You’ll have to do an OVRDBF with SHARE(*YES) and then the COBOL will still need the OPEN. It’s just that the OPEN won’t really have to do anything when it’s executed. i.e., no open data path (OPD) will be created.
The OPNDBF will create an ODP. If shared, the COBOL OPEN can use the same ODP, so a second full-open won’t have to be done. Full opens are relatively expensive (performance) operations.
OPNDBF can be used to create an ODP for any number of programs that will be called later in the job. That includes programs that might be called many times in a loop.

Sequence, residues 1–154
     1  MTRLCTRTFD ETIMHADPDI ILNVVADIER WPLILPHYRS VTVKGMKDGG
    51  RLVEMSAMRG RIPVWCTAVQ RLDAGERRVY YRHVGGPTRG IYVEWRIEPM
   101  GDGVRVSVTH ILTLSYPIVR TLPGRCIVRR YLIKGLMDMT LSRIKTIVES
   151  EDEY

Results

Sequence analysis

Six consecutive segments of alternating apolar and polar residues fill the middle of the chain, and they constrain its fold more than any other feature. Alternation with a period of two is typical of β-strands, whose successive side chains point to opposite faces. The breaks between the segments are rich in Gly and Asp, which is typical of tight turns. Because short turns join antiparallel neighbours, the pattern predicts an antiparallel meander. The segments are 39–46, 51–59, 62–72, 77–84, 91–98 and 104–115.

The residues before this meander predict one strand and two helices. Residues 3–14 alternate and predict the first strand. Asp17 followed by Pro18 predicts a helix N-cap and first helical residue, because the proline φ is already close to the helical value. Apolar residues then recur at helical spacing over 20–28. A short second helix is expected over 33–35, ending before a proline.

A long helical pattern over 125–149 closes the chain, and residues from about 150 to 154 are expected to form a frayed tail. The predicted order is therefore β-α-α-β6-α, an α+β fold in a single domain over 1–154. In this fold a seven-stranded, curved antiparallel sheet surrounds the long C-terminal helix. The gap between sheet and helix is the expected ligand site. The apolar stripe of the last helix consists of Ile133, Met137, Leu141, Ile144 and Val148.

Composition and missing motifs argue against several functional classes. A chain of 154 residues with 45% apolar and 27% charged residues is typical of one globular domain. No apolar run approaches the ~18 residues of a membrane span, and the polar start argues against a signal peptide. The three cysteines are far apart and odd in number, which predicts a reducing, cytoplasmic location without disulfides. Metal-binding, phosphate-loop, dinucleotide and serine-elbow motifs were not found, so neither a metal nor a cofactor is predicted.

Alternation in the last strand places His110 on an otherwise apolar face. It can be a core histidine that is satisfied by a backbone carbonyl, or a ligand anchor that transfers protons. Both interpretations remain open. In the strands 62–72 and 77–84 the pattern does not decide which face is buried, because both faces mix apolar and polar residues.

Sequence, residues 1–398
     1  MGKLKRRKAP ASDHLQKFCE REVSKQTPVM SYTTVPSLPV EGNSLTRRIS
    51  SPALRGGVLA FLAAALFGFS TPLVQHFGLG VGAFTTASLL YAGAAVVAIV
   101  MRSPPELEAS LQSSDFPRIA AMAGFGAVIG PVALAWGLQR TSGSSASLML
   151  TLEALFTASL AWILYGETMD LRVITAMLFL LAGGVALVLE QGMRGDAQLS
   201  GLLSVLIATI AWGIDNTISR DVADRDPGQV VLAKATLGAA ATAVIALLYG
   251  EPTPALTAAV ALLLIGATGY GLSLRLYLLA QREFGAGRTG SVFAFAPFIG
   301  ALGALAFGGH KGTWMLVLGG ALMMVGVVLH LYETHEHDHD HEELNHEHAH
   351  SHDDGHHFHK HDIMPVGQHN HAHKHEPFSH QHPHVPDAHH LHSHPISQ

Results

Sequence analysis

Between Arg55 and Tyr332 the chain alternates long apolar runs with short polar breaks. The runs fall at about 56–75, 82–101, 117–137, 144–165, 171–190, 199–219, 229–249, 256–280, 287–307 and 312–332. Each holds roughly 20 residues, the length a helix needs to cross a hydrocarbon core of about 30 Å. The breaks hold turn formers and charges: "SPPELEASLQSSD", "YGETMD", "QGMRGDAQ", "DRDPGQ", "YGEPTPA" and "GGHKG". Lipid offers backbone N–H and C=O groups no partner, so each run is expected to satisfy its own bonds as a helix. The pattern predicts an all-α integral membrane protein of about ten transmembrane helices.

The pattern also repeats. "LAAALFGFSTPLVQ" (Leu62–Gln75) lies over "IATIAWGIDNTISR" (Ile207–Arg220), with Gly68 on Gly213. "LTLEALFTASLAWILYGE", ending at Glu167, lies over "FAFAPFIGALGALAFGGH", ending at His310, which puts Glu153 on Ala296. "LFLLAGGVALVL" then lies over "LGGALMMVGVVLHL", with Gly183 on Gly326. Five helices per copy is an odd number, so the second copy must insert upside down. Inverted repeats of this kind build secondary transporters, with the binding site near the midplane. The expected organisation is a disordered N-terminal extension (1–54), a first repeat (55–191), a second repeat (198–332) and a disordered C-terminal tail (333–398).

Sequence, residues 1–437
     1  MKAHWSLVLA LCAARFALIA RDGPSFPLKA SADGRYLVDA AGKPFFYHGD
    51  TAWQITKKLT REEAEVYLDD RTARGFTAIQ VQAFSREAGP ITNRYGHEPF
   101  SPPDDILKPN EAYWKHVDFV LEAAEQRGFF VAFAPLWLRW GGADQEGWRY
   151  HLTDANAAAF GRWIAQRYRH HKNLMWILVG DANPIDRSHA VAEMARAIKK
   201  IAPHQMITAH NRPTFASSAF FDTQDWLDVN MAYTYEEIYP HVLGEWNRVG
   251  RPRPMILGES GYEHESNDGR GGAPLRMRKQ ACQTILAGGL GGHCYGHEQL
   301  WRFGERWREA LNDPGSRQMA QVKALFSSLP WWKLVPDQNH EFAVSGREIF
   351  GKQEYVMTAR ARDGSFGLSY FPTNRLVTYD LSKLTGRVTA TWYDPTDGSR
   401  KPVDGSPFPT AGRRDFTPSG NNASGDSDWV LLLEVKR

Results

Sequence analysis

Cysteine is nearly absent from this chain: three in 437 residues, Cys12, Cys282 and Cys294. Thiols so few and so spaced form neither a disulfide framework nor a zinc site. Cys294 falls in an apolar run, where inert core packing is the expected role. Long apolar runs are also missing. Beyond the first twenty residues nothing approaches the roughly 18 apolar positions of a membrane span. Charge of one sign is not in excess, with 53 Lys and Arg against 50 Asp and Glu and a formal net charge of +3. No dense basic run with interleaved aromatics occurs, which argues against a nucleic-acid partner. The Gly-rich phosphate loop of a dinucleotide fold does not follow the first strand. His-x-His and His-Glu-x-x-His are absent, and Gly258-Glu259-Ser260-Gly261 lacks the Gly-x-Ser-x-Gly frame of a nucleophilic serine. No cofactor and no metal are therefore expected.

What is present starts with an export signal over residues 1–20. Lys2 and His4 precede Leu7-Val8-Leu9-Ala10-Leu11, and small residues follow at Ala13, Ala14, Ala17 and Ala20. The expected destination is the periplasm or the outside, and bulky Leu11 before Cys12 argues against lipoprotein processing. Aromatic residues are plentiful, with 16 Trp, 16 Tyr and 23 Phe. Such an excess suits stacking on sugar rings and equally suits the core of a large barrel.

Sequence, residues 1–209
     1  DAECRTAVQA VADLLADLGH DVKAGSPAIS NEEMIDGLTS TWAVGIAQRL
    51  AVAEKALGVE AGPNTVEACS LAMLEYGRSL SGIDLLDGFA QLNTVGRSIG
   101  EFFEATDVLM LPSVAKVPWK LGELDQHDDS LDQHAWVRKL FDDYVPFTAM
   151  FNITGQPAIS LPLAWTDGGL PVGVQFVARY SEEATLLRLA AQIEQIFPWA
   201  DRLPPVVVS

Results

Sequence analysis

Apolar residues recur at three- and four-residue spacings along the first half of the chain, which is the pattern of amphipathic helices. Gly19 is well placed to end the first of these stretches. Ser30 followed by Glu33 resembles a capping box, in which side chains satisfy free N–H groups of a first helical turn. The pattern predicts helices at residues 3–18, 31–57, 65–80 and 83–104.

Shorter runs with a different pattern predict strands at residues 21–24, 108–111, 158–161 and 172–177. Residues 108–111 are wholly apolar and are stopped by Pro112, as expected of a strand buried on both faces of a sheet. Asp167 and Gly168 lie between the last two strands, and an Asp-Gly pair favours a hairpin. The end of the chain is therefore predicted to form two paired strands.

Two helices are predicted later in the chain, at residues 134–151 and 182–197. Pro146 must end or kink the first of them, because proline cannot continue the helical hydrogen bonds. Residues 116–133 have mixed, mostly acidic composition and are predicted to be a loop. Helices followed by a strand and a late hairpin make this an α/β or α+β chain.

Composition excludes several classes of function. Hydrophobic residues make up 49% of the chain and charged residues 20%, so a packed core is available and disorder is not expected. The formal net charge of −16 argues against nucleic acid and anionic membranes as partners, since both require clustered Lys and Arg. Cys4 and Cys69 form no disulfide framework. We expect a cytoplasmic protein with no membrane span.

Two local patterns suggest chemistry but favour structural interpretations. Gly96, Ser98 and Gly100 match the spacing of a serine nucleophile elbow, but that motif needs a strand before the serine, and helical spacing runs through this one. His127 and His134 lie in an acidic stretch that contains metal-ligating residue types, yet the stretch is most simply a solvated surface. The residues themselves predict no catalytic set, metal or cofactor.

OPNDBF can also be used to create an ODP that can handle all types of opens — input only, output only or both. That means the later programs can still use the same ODP even if they’re doing different kins of operations.
For jobs that need to do many OPENs of particular files, setting the ODP early in the job, high in the call stack, performance can be significantly improved. Elements such as positioning in the file must be watched because a single ODP can only maintain a single position. Programs need to be sure that the next record to read or the record being updated will be the intended one.